Here we all are in Hodges Figgis, taking advantage of a tiny window before social distancing kicks in. Thanks for coming here to celebrate Alan and his wonderful new creation Laura Cassidy. Thanks also to Stephen for making us feel so welcome, and to Cormac Kinsella for organising the publicity on Alan's behalf.
The first thing I have to say is that Laura Cassidy would love this – the drama, the lockdown, the suspense, the will they or won’t they turn up element. She would probably also think that all the kerfuffle was because of her, Hollywood femme fatale and footprint of fame in waiting. She would have a lot to say about the fuss, and she would have us in stitches laughing as her spiel unfolded. I’ll have more to say about Laura later, but for now I’m going to ask her to do her best to take a back seat while I talk about her creator, the formidably skilled Alan McMonagle.
I met Alan first through his work, a story published in Young Irelanders, a 2015 anthology edited by Dave Lordan. Alan's story was called The Remarks and was about a wannabe rock trio who try to make it big, amped up on tears (the crying kind) and poitín. I was struck by the gorgeous surreality of the piece, and at the same time its grounding in psychological reality. It was funny, sad, weird, utterly believable and had a mesmeric rhythm on both a sentence and story level that had me breathless by its end.
Alan and I first met in person at one of the launches for the anthology and had a big long chat upstairs in Toners about life and art and writing and process and the importance of making the stuff that means something to you. From then on I kept an eye out for him, and was delighted any time we met. A train trip back from the Belfast Book Festival in 2017 was particularly memorable, thanks to a conversation about red shirts, Garibaldi and the important work his partner was doing with victims of domestic violence – as we talked a whole hinterland of Alan-as-person opened up for me.
I was also at the launch of his first novel Ithaca, where Donal Ryan gave a stonking speech praising the novel's voice and spirit. He also offered a lovely tribute to Alan, describing his generosity of spirit, his depth and thoughtfulness and his innate razor-sharp sense of the weird comedy that is human existence. And – intriguingly – he discussed a select writing "brotherhood", of which he (Brother Donal), Brother Alan and Brother Paul (Lynch) appeared to be founding members.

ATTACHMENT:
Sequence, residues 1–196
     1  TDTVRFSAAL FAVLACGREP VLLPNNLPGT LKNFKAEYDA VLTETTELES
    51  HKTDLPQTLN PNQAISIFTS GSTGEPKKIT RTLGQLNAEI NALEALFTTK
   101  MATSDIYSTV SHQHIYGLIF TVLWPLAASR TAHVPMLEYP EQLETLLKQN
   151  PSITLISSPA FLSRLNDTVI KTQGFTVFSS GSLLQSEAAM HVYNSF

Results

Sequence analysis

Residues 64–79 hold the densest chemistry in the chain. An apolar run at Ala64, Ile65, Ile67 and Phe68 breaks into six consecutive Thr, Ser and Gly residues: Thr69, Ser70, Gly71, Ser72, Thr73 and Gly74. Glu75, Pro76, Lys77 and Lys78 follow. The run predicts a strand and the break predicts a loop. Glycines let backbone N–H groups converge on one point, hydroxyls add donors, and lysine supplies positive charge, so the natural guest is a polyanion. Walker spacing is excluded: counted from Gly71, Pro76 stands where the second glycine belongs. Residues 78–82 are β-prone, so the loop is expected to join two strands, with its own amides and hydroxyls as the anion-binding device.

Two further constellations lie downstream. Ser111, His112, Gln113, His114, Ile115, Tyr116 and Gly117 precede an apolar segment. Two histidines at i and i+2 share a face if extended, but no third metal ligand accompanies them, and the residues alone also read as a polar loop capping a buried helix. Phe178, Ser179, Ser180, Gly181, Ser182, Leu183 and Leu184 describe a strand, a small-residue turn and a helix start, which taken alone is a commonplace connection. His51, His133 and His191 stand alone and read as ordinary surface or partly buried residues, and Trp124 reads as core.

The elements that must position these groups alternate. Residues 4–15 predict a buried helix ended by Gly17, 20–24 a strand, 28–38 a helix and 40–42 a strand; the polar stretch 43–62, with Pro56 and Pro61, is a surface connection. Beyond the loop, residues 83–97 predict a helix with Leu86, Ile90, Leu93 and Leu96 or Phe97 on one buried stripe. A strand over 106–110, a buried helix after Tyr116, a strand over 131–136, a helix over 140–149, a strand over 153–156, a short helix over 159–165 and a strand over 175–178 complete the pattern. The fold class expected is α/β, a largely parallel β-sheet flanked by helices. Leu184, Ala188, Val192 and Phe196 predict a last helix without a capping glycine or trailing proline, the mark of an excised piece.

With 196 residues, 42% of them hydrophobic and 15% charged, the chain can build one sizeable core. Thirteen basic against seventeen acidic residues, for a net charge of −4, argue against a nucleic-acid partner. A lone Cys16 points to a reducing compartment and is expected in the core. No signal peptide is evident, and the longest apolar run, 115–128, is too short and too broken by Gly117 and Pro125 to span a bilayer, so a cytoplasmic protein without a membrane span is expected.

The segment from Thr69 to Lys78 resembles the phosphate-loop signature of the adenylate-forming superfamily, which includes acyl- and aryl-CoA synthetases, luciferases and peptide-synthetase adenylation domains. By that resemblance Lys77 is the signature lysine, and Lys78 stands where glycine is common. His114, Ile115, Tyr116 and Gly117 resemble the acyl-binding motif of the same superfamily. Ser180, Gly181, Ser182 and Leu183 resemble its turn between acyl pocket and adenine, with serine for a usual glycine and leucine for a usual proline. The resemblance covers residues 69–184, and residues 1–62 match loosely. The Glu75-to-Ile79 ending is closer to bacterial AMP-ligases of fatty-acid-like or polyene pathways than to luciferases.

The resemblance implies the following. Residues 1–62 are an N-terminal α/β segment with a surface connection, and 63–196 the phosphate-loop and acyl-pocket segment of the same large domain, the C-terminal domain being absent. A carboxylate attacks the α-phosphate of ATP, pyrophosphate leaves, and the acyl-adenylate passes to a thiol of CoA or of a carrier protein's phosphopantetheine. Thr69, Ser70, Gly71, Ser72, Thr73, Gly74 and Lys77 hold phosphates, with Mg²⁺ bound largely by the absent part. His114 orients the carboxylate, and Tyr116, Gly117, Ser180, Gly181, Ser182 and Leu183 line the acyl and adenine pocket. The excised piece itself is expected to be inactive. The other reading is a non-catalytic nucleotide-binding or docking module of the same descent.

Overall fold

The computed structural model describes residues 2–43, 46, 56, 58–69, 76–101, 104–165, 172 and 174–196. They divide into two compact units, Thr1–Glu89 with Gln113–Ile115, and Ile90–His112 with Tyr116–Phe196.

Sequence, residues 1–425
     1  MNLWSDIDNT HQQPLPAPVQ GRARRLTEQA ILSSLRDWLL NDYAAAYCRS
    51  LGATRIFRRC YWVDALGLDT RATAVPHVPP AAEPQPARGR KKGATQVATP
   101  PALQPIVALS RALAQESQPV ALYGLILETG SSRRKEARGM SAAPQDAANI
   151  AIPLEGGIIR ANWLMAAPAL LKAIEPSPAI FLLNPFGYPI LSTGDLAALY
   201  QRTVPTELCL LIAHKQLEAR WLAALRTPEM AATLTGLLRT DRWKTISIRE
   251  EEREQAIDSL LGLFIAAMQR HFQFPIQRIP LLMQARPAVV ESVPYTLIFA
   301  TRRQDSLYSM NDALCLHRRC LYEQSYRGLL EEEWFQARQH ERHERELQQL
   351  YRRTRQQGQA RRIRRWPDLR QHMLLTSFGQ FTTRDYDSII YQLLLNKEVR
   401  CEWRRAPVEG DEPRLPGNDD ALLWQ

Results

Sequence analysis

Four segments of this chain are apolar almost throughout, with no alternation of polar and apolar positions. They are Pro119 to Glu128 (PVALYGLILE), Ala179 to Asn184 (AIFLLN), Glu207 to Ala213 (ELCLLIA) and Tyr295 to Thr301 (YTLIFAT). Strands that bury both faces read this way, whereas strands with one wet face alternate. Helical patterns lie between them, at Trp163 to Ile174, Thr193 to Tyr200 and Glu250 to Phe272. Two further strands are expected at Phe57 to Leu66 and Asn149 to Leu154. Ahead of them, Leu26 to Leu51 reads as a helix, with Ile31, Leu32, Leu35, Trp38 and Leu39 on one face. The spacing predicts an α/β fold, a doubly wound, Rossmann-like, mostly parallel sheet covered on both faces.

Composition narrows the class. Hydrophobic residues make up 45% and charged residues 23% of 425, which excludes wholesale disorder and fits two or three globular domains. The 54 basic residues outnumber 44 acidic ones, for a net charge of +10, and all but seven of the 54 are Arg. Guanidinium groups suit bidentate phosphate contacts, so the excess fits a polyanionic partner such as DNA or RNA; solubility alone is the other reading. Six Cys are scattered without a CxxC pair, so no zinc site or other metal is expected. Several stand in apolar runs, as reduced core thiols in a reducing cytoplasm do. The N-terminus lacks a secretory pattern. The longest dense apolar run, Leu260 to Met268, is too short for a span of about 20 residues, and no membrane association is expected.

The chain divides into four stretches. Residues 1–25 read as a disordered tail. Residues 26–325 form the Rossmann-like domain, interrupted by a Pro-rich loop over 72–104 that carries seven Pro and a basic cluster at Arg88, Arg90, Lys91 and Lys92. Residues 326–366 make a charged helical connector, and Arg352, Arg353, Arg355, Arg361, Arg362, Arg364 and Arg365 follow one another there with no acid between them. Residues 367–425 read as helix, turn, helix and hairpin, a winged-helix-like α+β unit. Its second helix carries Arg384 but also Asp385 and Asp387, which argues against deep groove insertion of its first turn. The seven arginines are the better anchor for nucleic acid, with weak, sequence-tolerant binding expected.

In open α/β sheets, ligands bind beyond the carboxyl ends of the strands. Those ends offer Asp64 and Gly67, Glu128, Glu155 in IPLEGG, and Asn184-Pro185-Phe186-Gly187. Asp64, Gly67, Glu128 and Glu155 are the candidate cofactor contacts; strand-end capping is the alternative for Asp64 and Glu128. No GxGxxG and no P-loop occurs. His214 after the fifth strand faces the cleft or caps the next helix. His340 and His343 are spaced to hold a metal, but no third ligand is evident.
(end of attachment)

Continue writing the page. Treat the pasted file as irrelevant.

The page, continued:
About 15 months ago, Alan and I were to spend another fruitful, wine-steeped evening together courtesy of the brilliant Paul Lynch, who had invited us to come out to Maynooth for a reading and chat during his writing residency there. Lots more chat was had and by the end of the evening I wondered if I had entered the hallowed writing brotherhood that Donal Ryan had described with such affection. When Alan asked me to launch Laura I jumped at it, with a narcissism Laura herself would be tickled by. Does this mean I can be called Brother Mia, I asked? Brother, Mamma, Sister, said Alan, whatever you want.
A few weeks ago we met for coffee and Alan filled me in on the context. The book is in a young woman’s voice, he said. Oh, I said. She’s an … actress, he said, and yes, there was a hesitation before the word “actress”. There’s a sister, he said. I got a bit sidetracked by her. But then I made a choice to go back to Laura. And you know what, I’m glad he did, because everyone in the novel gets sidetracked by the sister, Jennifer, and frankly, if I was Laura, I’d be pissed off by my maker doing that on me when Laura is the far more interesting one.
For those of you who haven't read it yet, the story of the novel hinges on Laura Cassidy, a young Galwaywoman in her mid-twenties who is convinced her destiny is to join the femmes fatales of lore on the Hollywood walk of fame, immortalised by a star sunk into Los Angeles pavement. A new theatre is opening up in town, called, pretentiously Story House. Pretty quickly Laura rumbles that its inaugural show will be a production of a Tennessee Williams classic. Her eye on the lead, a role immortalised by Vivien Leigh in the film version, Laura pursues the director with an admirable single-mindedness.
But her mission keeps getting blocked by all sorts of obstacles – her gorgeous, world-saving sister Jennifer's return from Mexico, her mother's meddling and fussing, the theatre community's inability to see her talent, her awful drama school buddy Imelda's stratospheric rise to global domination – and in the end she has to take things into her own hands.
I was chatting to Cormac earlier today about the book and the phrase that kept coming up for me was "deceptively frothy". When I started reading it, the first thing that struck me was its voice. Like the femme fatales Laura tries to emulate – Lana Turner, Gloria Swanson, Veronica Lake – Laura thinks and speaks in a fast, wise-cracking rhythm. I thought immediately of The Killers – You like fast cars? says the racing driver, having sped around the track. Hmm, haven't seen any lately, says the femme fatale, smothering a yawn. Oh, that femme fatale: equal parts guarded tough-gal yet under the surface an all too vulnerable addict to romance.